Capitec intros hackathon for post-COVID-19 SA

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Capitec Bank is inviting SA’s innovators to participate in the first edition of its virtual hackathon, by formulating dynamic tech solutions for a post-COVID-19 South Africa.

As of this morning, there are 76 334 confirmed COVID-19 cases in SA, with 1 625 deaths.

While the pandemic has thrown SA into disarray, it is poised to shape the future of countries, by informing how governments, businesses and communities respond to the pandemic, to pave a way for recovery, according to Capitec Bank.

The bank is seeking a range of theories and ideas to help shape the country after the virus has been defeated, offering a prize of R100 000 for the winning solution.

The virtual hackathon, set to kick off from 29 June with a live stream, will see participating teams receive mentorship from top tech innovators, including Baratang Miya, CEO of GirlHYPE; Annette Muller, founder of FlexyForce; Charl Greeff, head of engineering at One Day Only; Stuart Ntlathi, founder of the Stuart Ntlathi Science, Engineering and Technology Institute; Tumi Sineke, head of OfferZen Foundation; and Luvuyo Rani, founder of Silulo Ulutho Technologies.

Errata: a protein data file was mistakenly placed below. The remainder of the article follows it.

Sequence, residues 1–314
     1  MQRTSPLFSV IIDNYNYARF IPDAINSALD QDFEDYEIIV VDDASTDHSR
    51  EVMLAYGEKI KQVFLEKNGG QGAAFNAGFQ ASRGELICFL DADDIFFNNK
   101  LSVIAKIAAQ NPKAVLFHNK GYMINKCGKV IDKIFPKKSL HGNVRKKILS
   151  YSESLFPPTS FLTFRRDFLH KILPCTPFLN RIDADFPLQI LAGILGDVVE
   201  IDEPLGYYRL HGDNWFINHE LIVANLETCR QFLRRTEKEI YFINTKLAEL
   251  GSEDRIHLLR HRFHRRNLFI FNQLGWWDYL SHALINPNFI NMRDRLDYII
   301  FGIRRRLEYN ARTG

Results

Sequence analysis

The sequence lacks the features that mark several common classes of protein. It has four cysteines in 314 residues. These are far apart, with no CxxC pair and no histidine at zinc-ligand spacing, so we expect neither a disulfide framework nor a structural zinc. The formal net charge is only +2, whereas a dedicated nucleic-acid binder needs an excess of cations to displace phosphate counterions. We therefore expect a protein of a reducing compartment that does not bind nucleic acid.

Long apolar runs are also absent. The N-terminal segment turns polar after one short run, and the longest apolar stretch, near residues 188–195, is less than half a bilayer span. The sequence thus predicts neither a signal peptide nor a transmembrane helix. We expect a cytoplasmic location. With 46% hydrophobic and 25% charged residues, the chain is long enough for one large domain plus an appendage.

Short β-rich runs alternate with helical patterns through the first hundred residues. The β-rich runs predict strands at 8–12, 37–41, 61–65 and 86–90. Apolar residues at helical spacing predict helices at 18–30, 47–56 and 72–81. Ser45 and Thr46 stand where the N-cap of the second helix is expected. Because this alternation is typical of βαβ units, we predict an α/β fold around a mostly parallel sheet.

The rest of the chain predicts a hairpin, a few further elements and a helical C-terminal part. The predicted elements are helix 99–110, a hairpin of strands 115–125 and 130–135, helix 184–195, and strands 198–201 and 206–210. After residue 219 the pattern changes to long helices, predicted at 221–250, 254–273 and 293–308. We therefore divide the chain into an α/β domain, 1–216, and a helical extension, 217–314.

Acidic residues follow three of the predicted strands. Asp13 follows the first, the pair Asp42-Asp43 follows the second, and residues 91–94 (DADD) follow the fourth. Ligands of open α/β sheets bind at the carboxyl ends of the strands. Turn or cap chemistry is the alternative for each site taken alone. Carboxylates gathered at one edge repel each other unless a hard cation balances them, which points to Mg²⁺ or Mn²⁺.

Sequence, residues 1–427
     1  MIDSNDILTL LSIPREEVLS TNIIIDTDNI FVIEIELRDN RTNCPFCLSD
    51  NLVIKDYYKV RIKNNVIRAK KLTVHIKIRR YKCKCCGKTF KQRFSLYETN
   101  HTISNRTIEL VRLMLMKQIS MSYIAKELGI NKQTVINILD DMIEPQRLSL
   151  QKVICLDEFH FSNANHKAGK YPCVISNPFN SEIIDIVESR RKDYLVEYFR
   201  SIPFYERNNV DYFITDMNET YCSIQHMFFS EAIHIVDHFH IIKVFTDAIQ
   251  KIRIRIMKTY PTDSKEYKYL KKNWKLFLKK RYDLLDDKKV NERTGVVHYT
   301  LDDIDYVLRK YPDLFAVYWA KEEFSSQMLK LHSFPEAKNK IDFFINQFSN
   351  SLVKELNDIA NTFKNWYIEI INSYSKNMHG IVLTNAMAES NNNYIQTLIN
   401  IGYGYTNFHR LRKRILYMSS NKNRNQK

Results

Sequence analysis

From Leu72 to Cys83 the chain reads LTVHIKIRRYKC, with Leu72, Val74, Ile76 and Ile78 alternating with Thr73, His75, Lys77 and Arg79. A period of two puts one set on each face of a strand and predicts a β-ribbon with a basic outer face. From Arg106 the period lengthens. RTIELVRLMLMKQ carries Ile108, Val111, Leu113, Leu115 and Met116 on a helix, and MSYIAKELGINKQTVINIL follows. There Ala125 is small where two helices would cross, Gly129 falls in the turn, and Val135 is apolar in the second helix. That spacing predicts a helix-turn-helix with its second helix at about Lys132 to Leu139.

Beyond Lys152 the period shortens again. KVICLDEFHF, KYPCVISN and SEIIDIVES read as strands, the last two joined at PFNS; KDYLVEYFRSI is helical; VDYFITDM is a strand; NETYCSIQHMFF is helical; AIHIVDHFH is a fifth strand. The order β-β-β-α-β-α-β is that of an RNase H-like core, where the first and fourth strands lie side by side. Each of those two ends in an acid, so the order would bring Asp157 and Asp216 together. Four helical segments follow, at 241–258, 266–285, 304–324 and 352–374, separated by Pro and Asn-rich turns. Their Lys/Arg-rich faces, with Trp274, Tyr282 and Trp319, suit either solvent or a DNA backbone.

“This initiative focuses on finding new tech and new talent to help solve many of the collective challenges we’ll be facing post-COVID-19,” says Francois Dempers, innovation manager at Capitec.

“South Africans are famed for our ingenuity. We want to harness this to foster the collaborative creativity required to help our people live better in the aftermath of this pandemic.”

The bank says it is looking for curious minds across all sectors of society.

The hackathon is limited to 10 teams of up to five members each. To enter, teams need to demonstrate a functioning tech solution – but not everyone on the team needs to be a developer.

A post-COVID-19 SA will mean business unusual is the new normal, as businesses adapt in smart ways with intelligent, tech-led solutions, notes Dempers.

“For us, it’s about providing a platform to let our brightest minds lead the way. The solution does not need to be banking-related and all intellectual property remains that of the inventors.

“We want innovators and entrepreneurs. Artists and philosophers… The solution can benefit any facet of society – it doesn’t need to be limited to the banking industry.”

From the start of the hackathon, teams will have 21 days to develop their concepts, with daily feedback from their mentors. On 10 July, the teams will pitch their solutions to the judging panel, with the winners announced on 17 July.

To enter, teams need a computer, Web cam and mic, and a fast, stable Internet connection. Teams can enter by e-mailing, with a description of the team, the motivation behind entering and the big idea.

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